It’s so beautiful outside.

I’m at a corner table in my neighborhood library.

From the second floor I can see the lush green lawn and the edge of the giant oak tree. There are bursting-at-the-blossom purple flower baskets hanging from the lamp posts and people walking by in their summer’s best.

And I’m crying.

Not crying crying, but lump in my throat, misty-eyed, can-definitely-hold-this-together crying.

And I stare out the window and see my glorious neighborhood.

And I’m crying because I’m grateful.

I now have a home that is mine, and I love it.

And I’m crying because I’m a bit sad, too.

There is still so much unknown about my future.

I was looking at my father’s airplane ministry and found an article honoring BJ that I had never seen.
(Click here and scroll down until you see B’s handsome headshot.)

But reading about BJ and his talent and our life made me so grateful. Still sad, but so very grateful.

(Though it didn’t help the throat lump at all.)

A woman sits across from me. She’s here at the library with all her possessions on the cart next to her.

She’s reading the newspaper and drinking prune juice from a can.

I feel deeply connected to her.

I feel deeply connected to this new home of mine.

I walk its streets and I feel safe and happy and hopeful and free.

It’s hard to make friends and yet after one week of praying, I met a couple from my building and the owner of the local coffee shop and we have plans to spend time together. I made some friends.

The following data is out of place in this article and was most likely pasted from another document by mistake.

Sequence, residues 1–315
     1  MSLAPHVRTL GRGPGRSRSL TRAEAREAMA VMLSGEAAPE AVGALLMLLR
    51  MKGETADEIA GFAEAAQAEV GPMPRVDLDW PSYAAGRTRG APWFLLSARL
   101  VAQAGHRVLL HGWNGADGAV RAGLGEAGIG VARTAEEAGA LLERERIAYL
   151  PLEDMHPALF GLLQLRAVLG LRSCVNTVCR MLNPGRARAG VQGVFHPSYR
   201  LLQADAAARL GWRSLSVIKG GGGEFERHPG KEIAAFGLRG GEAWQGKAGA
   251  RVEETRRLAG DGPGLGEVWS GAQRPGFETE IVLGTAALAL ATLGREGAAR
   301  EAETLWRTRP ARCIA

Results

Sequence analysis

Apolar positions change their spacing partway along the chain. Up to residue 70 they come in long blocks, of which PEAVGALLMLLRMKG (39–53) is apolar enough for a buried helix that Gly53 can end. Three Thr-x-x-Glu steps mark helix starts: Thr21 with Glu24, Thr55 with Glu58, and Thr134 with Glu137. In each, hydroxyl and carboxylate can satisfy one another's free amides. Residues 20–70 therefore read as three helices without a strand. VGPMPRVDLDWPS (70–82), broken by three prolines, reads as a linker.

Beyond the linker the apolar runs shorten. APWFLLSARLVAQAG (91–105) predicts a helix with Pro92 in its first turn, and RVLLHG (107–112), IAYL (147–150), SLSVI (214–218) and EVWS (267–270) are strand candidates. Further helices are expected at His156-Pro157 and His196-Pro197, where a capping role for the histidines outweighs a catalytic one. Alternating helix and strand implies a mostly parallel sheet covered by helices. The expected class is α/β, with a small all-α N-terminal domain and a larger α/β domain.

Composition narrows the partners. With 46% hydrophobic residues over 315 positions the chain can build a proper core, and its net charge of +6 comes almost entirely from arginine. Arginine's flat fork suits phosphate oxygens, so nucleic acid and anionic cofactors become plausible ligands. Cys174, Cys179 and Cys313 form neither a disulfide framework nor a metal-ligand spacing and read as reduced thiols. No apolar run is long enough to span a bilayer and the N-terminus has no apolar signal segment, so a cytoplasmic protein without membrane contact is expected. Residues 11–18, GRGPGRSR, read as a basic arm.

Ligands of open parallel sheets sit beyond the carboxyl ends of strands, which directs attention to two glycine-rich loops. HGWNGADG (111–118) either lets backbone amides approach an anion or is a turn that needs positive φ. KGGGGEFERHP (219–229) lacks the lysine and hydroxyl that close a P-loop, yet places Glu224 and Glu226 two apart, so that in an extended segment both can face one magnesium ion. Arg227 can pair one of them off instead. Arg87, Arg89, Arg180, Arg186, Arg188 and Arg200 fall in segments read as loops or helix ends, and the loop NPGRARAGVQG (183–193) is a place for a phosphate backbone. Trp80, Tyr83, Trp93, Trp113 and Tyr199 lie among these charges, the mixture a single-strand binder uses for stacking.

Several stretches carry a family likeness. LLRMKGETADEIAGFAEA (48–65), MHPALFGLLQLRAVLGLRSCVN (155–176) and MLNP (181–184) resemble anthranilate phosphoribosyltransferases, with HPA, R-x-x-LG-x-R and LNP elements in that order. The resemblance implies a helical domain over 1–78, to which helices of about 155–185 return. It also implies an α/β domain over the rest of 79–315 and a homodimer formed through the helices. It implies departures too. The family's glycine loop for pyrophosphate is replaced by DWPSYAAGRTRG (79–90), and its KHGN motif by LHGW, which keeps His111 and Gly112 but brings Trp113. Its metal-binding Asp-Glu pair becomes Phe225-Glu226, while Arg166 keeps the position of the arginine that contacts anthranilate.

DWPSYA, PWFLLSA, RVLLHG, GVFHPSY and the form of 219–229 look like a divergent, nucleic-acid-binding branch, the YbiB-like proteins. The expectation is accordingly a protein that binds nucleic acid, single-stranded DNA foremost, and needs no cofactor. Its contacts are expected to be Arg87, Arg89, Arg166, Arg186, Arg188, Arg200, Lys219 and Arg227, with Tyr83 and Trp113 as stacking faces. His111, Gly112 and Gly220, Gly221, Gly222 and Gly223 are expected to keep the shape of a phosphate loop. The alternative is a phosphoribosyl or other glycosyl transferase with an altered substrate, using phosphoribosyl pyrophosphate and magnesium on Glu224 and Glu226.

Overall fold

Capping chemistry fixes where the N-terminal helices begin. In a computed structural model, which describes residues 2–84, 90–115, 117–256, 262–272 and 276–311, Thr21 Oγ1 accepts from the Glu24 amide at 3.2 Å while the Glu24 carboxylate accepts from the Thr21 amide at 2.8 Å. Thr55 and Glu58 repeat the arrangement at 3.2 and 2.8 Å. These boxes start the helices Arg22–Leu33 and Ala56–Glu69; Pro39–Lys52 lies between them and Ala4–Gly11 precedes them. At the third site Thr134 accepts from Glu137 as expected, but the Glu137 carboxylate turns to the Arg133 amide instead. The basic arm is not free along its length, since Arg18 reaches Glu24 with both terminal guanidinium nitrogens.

(It felt like magic.)

I sense that someday I’ll see my life so clearly. I’ll see each bump, each rough edge, each rejection, each first date, each job application, each sinus headache, each library book, each desperate prayer, each long lost friendship, each song sung, each bruised knee, each great parking spot…

And see how it all added up to create the life I was born to live.

I don’t know.

But I hope so.

So here I am, in the middle of my story. Or the beginning.

(Or the end? Who knows? Everyone dies, after all.)

But whatever life has for me, I’m ready.


  • Elizabeth Rondthaler Jolley

    The title of your post this time pulled me in. I am glad you’re ready. Ready means available. Ready means looking for the next part. Ready means feeling capable. All of this means you have moved along in your grief, as you have shared along the way. I really don’t know you very well, but I am proud of you. You have never turned your back on your pain, nor on your God. You are very brave, even when you don’t feel that way. I look forward, with you, to the new friends, the new home, the rest of your life. And I loved watching you totally rock it in Beehive! You have a strong life force, and a wonderful family :-) Thanks again for sharing.